Young babies (less than a year old) with whooping cough may need hospital treatment to avoid developing complications.
The condition is much less serious in older children and adults and can usually be treated at home with self-help measures (see below).
If whooping cough is diagnosed during the first three weeks (21 days) of the infection, your GP may prescribe a course of antibiotics to prevent the infection spreading.
Antibiotics will stop you being infectious after five days of taking them. However, without antibiotics, you may still be infectious until three weeks after your intense bouts of coughing start.
If whooping cough is not diagnosed until the later stages of the infection, it is unlikely that your GP will prescribe antibiotics. This is because the bacterium that causes whooping cough has already gone by this time, so you will no longer be infectious. Antibiotics will not improve your symptoms at this stage.
Babies and young children
Babies are affected most severely by whooping cough, and are most at risk of developing complications. For this reason, babies under 12 months who contract whooping cough will often need treatment in hospital.
If your child is admitted to hospital to be treated for whooping cough, it is likely they will be treated in isolation. This means they will be kept away from other patients to prevent the infection spreading.
Your child may need to be given antibiotics intravenously (straight into a vein through a drip).
If your child is severely affected, they may also need corticosteroid medication as well as antibiotics. Corticosteroid medication contains steroids. These are powerful hormones that will reduce inflammation (swelling) in your child's airways, making it easier for them to breathe. Like antibiotics, corticosteroids may be given intravenously.
If your child needs additional help with breathing, they may be given extra oxygen through a facemask. A handheld device called a bulb syringe may also be used to gently suction away any mucus that is blocking their airways.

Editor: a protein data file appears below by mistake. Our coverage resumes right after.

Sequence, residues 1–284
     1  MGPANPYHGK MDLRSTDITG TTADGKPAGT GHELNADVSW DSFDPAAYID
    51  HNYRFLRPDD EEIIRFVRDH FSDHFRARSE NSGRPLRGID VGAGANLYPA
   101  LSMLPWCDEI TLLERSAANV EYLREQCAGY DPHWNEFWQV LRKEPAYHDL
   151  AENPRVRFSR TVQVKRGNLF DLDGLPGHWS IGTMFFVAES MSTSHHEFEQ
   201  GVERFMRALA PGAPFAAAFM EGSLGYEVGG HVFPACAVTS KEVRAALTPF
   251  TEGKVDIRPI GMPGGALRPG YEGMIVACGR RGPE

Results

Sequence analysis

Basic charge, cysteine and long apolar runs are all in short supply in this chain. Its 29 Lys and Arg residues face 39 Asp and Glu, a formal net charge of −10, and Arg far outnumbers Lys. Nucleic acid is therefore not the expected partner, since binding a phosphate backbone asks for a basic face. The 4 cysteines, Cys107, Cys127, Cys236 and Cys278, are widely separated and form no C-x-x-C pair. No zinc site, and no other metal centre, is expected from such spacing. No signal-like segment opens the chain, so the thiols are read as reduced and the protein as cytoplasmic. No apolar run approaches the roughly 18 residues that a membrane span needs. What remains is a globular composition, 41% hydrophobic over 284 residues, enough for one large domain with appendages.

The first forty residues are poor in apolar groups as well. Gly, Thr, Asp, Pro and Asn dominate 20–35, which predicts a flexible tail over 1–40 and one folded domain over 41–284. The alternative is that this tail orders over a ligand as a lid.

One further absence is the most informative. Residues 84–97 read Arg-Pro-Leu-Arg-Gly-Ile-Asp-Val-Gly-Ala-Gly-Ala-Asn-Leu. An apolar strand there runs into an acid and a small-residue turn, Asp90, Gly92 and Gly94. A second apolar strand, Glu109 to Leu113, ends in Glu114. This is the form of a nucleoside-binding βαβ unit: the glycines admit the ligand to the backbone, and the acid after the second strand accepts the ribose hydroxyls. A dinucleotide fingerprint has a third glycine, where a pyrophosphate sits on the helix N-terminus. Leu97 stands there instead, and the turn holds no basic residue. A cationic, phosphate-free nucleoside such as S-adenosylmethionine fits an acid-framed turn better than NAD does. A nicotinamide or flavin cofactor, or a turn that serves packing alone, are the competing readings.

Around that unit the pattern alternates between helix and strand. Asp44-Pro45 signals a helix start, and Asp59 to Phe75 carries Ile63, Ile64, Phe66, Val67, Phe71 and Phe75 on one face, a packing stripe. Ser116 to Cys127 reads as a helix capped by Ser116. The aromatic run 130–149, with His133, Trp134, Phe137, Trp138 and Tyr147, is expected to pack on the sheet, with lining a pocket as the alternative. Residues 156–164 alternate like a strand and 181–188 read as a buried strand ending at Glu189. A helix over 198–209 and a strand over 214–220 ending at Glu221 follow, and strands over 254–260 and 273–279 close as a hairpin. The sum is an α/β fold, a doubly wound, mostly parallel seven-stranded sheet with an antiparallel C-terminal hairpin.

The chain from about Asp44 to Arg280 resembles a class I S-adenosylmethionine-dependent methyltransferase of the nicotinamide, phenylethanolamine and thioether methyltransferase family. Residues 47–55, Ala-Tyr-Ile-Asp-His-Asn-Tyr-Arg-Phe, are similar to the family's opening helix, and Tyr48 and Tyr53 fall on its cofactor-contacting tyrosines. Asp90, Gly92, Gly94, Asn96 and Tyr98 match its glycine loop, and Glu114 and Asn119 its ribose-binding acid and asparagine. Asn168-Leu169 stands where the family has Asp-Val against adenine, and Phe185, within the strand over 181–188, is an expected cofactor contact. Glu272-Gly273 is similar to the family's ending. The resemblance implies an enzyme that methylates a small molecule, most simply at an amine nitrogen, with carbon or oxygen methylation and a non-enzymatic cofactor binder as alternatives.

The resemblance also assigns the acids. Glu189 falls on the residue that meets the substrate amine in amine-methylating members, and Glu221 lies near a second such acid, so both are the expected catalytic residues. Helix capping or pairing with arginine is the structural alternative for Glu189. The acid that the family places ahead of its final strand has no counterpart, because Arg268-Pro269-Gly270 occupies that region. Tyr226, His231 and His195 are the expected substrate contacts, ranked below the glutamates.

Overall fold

Whooping cough is much less serious in older children and adults than it is in babies and young children. Your GP will usually advise you to manage the infection at home and follow some simple advice:
- get plenty of rest
- drink lots of fluids to prevent dehydration
- clear away excess mucus or vomit during bouts of coughing so it cannot be inhaled and cause choking
ibuprofen and/or paracetamol can be used to relieve other symptoms such as a high temperature and sore throat - aspirin should not be given to children under the age of 16
How to avoid passing on the infection
Whooping cough is highly infectious, so if you or your child have it, it is important to stay away from others until the bacterium has completely cleared.
The affected person should stay at home until they have completed a five-day course of antibiotics from their GP, or
had intense bouts of coughing (paroxysms) for three weeks (whichever is sooner).
Although bouts of coughing may continue after three weeks, it is unlikely you will still be infectious because the bacterium will have gone.
Preventative treatment may be recommended for members of your household (or dorm or residential home) known to be vulnerable to the effects of infection (these people are known as vulnerable contacts).
Vulnerable contacts include:
- newborn babies
- young children under the age of 12 months who have not received the complete course of the DTaP/IPV/Hib vaccine
- children under the age of 10 who have not been vaccinated
- women in the last month of pregnancy
- people with a weakened immune system, such as people with HIV or people undergoing chemotherapy
- people with a long-term health condition such as asthma or heart failure
Preventative treatment is also usually recommended if a household member works in a healthcare, social care or childcare facility as they could pass the infection on to other vulnerable contacts
Preventative treatment usually involves a short course of antibiotics, and in some cases, a booster dose of the vaccine.